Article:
The Nationals, man. When they signed Rafael Soriano for two years and a $22 million, it was because they could. They were out of roster spots to improve, but they still had some scratch. Getting a full-price closer was the baseball-team equivalent of walking into Brookstone and buying the $500 foot massager because they were bored. They had the perfect team, so …
Well, say. That didn't work out like we expected. The Nationals are four games under .500, and their expected record based on runs scored/allowed is even worse. They're 8½ games behind the Braves, farther out from the wild card, and CoolStandings.com pegs them as having an eight-percent chance at the playoffs. Baseball Prospectus is even more pessimistic, putting their chances at just under seven percent. It's the end of July. That combination makes it an easy decision: Sell.
Except, the Nationals are a freak team. They're under .500, and by all rights should be sellers. But they have little to sell. There is no gray area with the Nationals' roster. It's the dangedest thing. Let's run down the two types of players who usually get dealt by once-contenders at the deadline:
Pending free agents
That would be Dan Haren. Who is apparently terrible now. The other pending free agent is Chad Tracy. That's not exactly bidding-war material.
Useful veterans that other teams would want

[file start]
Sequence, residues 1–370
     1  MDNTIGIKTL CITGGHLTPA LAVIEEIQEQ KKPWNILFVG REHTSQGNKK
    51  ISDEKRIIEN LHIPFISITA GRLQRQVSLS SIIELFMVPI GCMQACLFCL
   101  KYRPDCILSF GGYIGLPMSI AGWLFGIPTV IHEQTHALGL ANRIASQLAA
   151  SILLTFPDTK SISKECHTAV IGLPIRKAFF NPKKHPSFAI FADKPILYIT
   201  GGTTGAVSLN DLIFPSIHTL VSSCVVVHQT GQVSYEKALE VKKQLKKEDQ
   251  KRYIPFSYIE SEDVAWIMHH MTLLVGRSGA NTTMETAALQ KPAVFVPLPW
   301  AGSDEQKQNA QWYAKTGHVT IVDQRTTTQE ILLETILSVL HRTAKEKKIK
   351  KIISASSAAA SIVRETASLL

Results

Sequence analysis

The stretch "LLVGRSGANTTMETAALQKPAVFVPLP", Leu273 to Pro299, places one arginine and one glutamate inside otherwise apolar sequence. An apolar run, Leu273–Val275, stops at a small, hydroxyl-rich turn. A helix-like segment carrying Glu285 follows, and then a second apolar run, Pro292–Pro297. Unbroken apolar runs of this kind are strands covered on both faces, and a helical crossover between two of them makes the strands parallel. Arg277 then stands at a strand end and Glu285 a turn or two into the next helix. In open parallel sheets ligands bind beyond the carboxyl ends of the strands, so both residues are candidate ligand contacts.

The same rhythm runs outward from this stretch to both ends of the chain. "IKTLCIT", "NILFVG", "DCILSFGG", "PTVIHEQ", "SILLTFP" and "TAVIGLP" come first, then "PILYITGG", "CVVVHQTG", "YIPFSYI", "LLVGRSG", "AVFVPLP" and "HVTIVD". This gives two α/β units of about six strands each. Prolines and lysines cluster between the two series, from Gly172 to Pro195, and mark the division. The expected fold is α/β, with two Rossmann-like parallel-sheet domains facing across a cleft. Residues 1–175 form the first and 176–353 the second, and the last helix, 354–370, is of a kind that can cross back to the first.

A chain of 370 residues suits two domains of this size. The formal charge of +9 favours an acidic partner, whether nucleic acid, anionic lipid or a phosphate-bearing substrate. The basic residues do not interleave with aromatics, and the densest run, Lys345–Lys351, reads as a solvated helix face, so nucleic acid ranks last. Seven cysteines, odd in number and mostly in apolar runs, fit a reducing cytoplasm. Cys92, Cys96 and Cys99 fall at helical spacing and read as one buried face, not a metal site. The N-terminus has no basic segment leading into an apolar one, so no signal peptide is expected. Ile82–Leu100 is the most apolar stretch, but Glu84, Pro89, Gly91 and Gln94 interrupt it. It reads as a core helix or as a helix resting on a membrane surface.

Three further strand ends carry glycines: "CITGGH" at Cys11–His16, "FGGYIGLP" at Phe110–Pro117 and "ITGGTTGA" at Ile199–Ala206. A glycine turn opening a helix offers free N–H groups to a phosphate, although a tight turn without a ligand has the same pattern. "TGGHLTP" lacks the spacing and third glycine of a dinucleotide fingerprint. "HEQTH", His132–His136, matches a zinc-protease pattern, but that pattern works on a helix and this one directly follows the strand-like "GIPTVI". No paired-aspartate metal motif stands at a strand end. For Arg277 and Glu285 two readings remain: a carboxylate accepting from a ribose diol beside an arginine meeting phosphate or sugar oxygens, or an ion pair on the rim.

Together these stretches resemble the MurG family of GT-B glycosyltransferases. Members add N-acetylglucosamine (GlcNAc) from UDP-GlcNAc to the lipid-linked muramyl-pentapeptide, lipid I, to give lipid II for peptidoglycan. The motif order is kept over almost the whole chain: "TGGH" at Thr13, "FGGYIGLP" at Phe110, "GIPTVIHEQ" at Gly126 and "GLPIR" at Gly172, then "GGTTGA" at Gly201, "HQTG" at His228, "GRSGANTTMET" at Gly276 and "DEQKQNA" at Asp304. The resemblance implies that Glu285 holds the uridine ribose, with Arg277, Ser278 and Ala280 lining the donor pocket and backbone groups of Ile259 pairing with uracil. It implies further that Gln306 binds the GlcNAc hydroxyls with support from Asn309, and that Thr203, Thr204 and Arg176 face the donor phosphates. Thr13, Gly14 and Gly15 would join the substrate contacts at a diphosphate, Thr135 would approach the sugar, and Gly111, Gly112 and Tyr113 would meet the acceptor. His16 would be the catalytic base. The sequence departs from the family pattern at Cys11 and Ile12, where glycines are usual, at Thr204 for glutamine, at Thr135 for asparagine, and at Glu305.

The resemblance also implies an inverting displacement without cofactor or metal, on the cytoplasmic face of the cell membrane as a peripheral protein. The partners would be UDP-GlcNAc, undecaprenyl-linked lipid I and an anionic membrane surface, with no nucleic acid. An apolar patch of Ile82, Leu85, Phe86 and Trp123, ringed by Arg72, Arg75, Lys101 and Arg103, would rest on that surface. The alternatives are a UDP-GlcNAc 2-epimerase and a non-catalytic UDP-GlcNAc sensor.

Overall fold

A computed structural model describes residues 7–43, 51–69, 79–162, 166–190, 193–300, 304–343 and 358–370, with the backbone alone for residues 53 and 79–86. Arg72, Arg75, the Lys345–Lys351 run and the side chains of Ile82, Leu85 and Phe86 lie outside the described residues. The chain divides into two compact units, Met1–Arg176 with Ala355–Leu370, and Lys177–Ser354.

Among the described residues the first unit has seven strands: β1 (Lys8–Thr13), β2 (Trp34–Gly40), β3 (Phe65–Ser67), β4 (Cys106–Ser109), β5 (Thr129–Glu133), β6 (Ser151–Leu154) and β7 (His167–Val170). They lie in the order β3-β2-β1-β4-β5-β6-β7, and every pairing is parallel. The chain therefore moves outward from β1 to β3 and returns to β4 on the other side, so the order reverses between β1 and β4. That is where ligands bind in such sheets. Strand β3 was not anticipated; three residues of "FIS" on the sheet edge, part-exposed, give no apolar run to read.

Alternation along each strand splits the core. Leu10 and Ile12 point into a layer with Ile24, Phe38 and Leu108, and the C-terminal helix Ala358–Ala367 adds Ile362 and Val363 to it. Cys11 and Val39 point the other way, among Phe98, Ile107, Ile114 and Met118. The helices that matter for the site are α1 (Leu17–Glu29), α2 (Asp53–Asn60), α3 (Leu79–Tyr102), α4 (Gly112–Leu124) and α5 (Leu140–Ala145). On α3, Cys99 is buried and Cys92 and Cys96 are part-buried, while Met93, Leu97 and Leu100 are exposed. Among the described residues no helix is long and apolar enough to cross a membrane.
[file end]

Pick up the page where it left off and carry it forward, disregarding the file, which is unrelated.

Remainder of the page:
Adam LaRoche? He has over $12 million left on his deal, and he's been something close to replacement-level this season. The Nationals would have to eat most of that money to get a Grade C prospect back, and at that point, why bother?
Ross Detwiler and Craig Stammen probably have a little value, but they're cheap enough for the Nationals to prefer that value to whatever middling prospects they would get back in a minor deal. Detwiler is on the DL right now with a back problem, anyway. And while Denard Span is a free agent after 2014, trading him now would be a great way to buy high and sell low.
Maybe Kurt Suzuki? Everyone line up and make your offers for Kurt Suzuki.
Nope, the trading deadline is highlighting the strange dichotomy of the Nationals, who are split up like this:
Franchise building blocks not going anywhere
The mostly unwanted
The sell-low brigade
I guess so? Whatever
The only player I can't peg is Tyler Clippard. It's hard to consider a setup man a "building block," but I'm sure the Nationals are properly smitten with him. Maybe they belong to the relievers-are-always-overrated school. Somehow I don't think so. He's probably closer to the first category than any of the others.
So the bad news is that the Nationals are unlikely to make huge moves at the deadline to bring in a wheelbarrow filled with young talent. Sorry, Nats fans.
The good news is that the Nationals are unlikely to make huge moves at the deadline to bring in a wheelbarrow filled with young talent because they already have a wheelbarrow of young talent. They have the head start on a contending team that every deadline seller wants. Which brings us to that moment of self-evaluation: How were we so wrong about the Nationals?
Looking at the names up there, maybe we weren't. That's pretty stubborn, I guess, but things like the Guinness-approved worst bench in the world and a backfiring Haren aren't likely to happen again. This is a reloading team, not a rebuilding team. But considering the players on the roster, I'm not sure if there's anyone available in trade who would help the Nationals rebuild or reload. It's probably going to be a boring deadline for Washington.
That's almost certainly a good thing. Except for all the bad things that made this season so miserable for the Nationals.